However, YPPA is more than a fundraising group. “It’s a great social network where you can meet like-minded young professionals,” says Colleen. Dr. McKinnell agrees it provides a way for busy physicians to form new friendships.
In addition, gathering socially and forming relationships enhances physicians’ communication when they collaborate on patient care. He also finds it helpful to meet other professionals whose services he might need, such as a financial planner or real estate agent.
Dr. McKinnell has been a member of the infectious disease team at Torrance Memorial for 12 years. Before the pandemic, he taught at Harbor-UCLA Medical Center and maintained a research practice developing novel methods of preventing infections in skilled nursing homes and long-term care facilities. He also built a company providing infection control in such facilities. Dr. McKinnell switched to full-time clinical work at the hospital in response to the COVID-19 pandemic.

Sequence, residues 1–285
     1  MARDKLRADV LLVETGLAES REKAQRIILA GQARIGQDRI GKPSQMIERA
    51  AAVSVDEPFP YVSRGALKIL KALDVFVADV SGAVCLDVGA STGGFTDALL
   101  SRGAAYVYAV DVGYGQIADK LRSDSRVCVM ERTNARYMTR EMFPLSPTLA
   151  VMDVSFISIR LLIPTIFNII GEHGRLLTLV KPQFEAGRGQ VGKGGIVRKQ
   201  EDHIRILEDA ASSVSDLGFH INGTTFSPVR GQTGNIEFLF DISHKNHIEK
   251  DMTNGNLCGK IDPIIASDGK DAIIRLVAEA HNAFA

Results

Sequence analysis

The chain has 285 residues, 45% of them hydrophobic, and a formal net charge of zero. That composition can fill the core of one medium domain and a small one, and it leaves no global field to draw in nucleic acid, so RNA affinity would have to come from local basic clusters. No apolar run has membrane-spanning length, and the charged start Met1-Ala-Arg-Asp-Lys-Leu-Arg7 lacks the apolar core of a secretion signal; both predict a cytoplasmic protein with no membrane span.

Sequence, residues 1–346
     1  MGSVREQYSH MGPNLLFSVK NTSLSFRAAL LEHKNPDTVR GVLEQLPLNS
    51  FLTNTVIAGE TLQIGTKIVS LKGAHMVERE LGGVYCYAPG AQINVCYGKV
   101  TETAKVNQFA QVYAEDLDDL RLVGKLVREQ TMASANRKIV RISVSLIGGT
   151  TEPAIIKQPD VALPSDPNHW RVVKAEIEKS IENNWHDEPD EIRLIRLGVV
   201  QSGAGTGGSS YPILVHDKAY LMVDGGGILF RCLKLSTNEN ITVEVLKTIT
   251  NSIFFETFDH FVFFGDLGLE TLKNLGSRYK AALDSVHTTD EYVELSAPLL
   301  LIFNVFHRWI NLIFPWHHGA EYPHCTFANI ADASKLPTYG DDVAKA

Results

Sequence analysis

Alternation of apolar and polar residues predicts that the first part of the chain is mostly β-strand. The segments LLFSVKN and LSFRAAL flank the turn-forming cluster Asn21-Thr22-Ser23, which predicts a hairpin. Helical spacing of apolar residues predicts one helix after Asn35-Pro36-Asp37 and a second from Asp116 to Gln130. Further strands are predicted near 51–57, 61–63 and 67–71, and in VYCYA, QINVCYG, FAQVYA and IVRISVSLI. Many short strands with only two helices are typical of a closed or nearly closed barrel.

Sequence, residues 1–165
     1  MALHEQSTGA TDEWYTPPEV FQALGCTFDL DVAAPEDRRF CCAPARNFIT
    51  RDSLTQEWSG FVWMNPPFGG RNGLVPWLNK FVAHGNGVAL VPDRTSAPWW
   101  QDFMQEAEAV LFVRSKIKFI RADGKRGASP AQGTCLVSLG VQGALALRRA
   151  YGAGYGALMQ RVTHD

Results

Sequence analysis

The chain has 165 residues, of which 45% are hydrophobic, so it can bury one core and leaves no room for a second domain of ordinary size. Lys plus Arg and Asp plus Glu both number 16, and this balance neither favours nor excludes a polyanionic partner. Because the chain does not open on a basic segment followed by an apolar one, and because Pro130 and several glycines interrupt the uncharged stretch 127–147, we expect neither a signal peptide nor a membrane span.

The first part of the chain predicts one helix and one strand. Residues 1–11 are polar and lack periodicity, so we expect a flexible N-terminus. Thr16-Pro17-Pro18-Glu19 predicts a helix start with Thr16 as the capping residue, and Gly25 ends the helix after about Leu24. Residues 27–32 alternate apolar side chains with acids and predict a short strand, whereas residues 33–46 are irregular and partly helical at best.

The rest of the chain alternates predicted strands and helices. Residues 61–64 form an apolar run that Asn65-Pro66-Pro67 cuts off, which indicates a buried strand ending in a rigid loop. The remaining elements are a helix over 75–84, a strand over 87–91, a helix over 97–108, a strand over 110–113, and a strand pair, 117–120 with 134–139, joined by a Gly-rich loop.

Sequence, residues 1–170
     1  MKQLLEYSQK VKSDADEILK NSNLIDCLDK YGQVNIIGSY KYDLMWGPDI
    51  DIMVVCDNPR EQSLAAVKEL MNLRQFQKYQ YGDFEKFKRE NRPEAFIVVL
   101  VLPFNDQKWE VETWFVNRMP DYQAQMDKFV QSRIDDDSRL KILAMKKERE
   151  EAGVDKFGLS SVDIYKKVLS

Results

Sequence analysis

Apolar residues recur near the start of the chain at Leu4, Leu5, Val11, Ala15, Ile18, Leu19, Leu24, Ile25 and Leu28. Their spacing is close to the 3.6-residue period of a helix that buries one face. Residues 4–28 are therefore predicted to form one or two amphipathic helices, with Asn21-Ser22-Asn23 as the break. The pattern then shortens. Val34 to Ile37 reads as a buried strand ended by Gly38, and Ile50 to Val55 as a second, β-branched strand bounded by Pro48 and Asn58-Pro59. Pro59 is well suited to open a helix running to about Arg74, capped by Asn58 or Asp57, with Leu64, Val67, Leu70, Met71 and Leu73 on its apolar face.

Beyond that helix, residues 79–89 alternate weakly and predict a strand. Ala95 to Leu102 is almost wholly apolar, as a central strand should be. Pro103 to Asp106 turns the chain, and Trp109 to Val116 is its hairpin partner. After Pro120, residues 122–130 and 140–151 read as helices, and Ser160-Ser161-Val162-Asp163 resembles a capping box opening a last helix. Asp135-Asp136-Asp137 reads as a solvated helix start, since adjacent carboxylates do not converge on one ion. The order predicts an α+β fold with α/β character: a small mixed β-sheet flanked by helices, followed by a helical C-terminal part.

His clinical expertise is matched by his bedside manner. Dr. McKinnell recently earned The Reason is You Award, which recognizes outstanding patient care by any hospital employee. A patient nominated him “for comforting me when I was so nervous and anxious about what was going on in my body. He reassured me the team would do everything possible to find out what was going on. Dr. McKinnell, you have no idea how much your words comforted me and gave me hope and peace.”
“To have someone take the time to tell you that you made a difference in their life means a lot,” says Dr. McKinnell.
Dr. McKinnell knew he wanted to be a doctor from about the age of 14. The precocious teenager even knew he wanted to specialize in infectious diseases. This was during the time of HIV being widespread, and he recognized the great need for infectious disease physicians. Educated at Stanford and Columbia universities, he became attracted to the Southern California beach lifestyle while completing his residency at Harbor-UCLA.